The launch of the Ineos Insight Dragon shale supertanker2 [image credit: scottishenergynews.com]


The days of North Sea gas and oil dominating the UK energy scene are over as this news demonstrates. If the Scot Nats are insisting on ‘no damage to the environment’ why are the hills and coasts increasingly strewn with towering wind turbines?
H/T GWPF

The first shipment of American shale gas extracted by the controversial fracking technique will arrive in Scotland next month, The Times has learnt.

Industry insiders have confirmed that the first of a fleet of “Dragon-class” ships, each capable of transporting huge quantities of the shale gas ethane, will dock within the next seven weeks.

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Credit: pbs.org

Credit: pbs.org


You couldn’t make it up. Heartlander Magazine reporting.

Despite its recent announcement it may not adopt the Paris Climate agreement before the end of 2016, India is moving ahead with a unique effort attempting to reduce the greenhouse gases its agricultural sector emits into the atmosphere: creating cows and livestock that burp and fart less. 

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Shale formation for natural gas in Pennsylvania, USA.  [image credit:  businesskorea.co.kr]

Shale formation for natural gas in Pennsylvania, USA.
[image credit:
businesskorea.co.kr]


Another setback for fear-and-doubt merchants with this legal victory for shale gas development, as Somewhat Reasonable reports. Lack of evidence perhaps?

On Monday, May 2 the Colorado Supreme Court ruled on what the New York Times (NYT) called: “a lengthy battle for energy production.” The court’s unanimous decision to strike down two cities’ limits on fracking is a victory for oil-and-gas companies and a “disappointment” to anti-fossil-fuel activists. 

Several states, including Colorado’s neighbors, New Mexico and Texas, have faced similar anti-oil-and-gas initiatives that have also been shot down.

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Hydraulic fracturing wellhead  [image credit: Joshua Doubek / Wikipedia]

Hydraulic fracturing wellhead
[image credit: Joshua Doubek / Wikipedia]


It’s enough to make celebrity anti-fracking protesters choke on their cakes. — H/T Phys.org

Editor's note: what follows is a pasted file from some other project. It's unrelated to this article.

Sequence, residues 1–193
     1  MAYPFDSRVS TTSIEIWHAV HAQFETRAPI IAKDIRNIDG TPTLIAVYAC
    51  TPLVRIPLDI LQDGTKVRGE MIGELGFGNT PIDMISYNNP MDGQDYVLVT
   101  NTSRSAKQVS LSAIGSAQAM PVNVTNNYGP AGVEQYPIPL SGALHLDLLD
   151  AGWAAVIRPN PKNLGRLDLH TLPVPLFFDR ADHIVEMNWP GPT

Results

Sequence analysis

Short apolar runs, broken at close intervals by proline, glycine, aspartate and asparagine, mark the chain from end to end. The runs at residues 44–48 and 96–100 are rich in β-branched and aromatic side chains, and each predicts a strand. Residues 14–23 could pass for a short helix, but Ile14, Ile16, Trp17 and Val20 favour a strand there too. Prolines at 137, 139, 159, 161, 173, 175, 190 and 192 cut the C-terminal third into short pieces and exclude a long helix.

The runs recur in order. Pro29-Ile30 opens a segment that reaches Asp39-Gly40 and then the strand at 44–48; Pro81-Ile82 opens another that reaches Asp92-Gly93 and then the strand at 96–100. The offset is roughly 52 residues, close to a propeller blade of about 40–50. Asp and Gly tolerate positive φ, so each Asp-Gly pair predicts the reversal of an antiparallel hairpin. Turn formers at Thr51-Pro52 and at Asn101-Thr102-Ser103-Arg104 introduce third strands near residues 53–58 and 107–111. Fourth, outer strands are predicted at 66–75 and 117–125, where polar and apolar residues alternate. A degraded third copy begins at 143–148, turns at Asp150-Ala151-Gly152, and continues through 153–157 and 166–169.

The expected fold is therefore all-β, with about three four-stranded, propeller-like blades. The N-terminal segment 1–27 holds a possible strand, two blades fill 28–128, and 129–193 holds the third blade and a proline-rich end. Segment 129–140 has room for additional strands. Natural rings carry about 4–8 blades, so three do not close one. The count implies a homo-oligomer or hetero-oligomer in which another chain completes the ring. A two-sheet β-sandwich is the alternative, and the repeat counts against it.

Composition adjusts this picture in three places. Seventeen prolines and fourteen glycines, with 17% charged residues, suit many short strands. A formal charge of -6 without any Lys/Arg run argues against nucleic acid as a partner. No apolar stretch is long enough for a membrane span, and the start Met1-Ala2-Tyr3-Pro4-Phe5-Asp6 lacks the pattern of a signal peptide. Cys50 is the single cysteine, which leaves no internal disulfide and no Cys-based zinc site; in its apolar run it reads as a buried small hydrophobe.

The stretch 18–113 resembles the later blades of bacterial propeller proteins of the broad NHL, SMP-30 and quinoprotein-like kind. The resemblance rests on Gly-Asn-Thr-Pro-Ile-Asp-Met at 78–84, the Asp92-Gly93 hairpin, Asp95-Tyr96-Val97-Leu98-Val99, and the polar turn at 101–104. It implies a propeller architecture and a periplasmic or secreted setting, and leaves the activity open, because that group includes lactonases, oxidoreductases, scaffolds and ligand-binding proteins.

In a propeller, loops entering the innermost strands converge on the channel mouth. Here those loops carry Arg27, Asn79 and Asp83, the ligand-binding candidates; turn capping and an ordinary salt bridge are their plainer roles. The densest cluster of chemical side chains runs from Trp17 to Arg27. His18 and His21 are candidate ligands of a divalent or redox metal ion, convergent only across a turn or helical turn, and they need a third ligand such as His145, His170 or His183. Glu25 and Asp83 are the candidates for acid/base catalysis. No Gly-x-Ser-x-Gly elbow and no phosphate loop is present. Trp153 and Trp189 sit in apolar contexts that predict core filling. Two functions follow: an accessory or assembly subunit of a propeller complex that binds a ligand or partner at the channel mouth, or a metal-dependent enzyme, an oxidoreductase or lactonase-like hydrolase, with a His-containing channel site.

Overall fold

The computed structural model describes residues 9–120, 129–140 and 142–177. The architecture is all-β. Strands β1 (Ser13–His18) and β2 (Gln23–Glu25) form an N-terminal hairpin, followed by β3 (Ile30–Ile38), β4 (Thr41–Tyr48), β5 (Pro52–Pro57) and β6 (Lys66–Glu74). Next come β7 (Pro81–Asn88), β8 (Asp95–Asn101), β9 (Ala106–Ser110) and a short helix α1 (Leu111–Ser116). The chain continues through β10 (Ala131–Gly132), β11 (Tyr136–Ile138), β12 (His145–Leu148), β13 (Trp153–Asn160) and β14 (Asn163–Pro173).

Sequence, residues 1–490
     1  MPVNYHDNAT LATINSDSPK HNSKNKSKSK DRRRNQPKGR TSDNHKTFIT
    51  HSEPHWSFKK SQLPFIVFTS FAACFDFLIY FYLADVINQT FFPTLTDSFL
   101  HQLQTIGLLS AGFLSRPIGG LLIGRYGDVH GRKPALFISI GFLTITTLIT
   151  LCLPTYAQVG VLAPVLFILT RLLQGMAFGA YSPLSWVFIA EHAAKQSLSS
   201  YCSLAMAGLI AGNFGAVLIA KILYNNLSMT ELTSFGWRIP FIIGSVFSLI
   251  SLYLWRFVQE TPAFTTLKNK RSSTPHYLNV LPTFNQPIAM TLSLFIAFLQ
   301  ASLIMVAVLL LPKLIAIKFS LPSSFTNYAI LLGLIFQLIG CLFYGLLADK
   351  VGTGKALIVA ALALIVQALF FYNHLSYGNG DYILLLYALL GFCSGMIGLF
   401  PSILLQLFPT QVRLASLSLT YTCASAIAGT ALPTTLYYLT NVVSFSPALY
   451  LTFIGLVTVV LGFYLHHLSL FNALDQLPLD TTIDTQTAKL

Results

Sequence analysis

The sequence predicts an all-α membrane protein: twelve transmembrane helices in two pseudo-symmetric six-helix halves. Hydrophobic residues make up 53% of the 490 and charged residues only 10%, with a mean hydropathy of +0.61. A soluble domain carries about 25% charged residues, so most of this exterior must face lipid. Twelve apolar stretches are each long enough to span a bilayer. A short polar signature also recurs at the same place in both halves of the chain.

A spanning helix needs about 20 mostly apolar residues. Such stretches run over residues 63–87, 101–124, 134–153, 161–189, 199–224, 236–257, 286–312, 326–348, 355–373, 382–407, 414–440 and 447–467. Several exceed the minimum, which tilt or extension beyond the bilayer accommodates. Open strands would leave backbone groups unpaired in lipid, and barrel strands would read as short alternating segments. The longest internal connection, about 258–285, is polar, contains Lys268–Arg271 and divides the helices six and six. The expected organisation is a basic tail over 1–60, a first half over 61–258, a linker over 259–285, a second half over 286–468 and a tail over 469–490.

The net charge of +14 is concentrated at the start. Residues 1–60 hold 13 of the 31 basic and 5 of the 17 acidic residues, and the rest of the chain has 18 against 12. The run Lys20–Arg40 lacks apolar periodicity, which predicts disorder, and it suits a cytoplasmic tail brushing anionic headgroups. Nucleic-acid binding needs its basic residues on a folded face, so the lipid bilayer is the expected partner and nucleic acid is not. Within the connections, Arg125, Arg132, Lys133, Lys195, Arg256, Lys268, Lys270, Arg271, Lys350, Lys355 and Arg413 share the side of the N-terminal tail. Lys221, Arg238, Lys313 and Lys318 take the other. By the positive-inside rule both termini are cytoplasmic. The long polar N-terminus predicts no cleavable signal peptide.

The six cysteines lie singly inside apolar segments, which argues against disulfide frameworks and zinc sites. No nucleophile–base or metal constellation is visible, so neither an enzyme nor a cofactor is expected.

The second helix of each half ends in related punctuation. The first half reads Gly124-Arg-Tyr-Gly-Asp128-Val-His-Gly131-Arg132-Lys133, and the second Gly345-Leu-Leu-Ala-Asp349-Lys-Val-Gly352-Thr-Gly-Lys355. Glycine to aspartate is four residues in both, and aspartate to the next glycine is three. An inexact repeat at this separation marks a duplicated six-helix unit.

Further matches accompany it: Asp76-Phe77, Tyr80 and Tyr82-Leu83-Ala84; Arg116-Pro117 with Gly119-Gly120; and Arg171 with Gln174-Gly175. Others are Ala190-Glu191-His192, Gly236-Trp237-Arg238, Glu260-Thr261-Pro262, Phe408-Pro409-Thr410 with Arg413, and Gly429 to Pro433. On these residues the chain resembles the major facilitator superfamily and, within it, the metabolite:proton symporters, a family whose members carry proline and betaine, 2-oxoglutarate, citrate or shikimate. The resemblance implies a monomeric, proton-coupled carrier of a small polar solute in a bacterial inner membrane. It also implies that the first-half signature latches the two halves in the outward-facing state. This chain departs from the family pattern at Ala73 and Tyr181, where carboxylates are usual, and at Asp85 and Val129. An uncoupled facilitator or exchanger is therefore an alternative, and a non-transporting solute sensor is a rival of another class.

Potential future fracking activity in the UK is unlikely to pose a pollution danger to overlying aquifers, new research from a leading academic suggests.

One of the primary concerns of those who oppose the development of shale gas by hydraulic fracturing is that creation of new fractures in the earth could cause fracking fluids to leak into, and contaminate, underground freshwater aquifers.

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New fuel source [image credit: telegraph.co.uk]

New fuel source [image credit: telegraph.co.uk]


Despite appearances this is a Daily Telegraph report, not an April Fool joke.

Hundreds of homes in Cumbria will be heated using cheese from next month, as a new government-backed green energy plant starts producing gas from cheddar production waste.

The anaerobic digestion plant at the Lake District Creamery in Aspatria will receive millions of pounds in subsidies for turning whey and other residues from the cheese production process into “biogas”.

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[image credit: FT.com]

[image credit: FT.com]


It’s an ambitious plan and renewables are in there too, but it’s one thing to talk big numbers of dollars, another to produce them when needed. PEI mulls over the proposals.

The African Development Bank’s new president Akinwumi Adesina says he can mobilize up to $55bn to end the continent’s power generation problems. At least 620 million people have no access to power, including vast populations in war-torn countries such as South Sudan, Somalia and the Democratic Republic of Congo.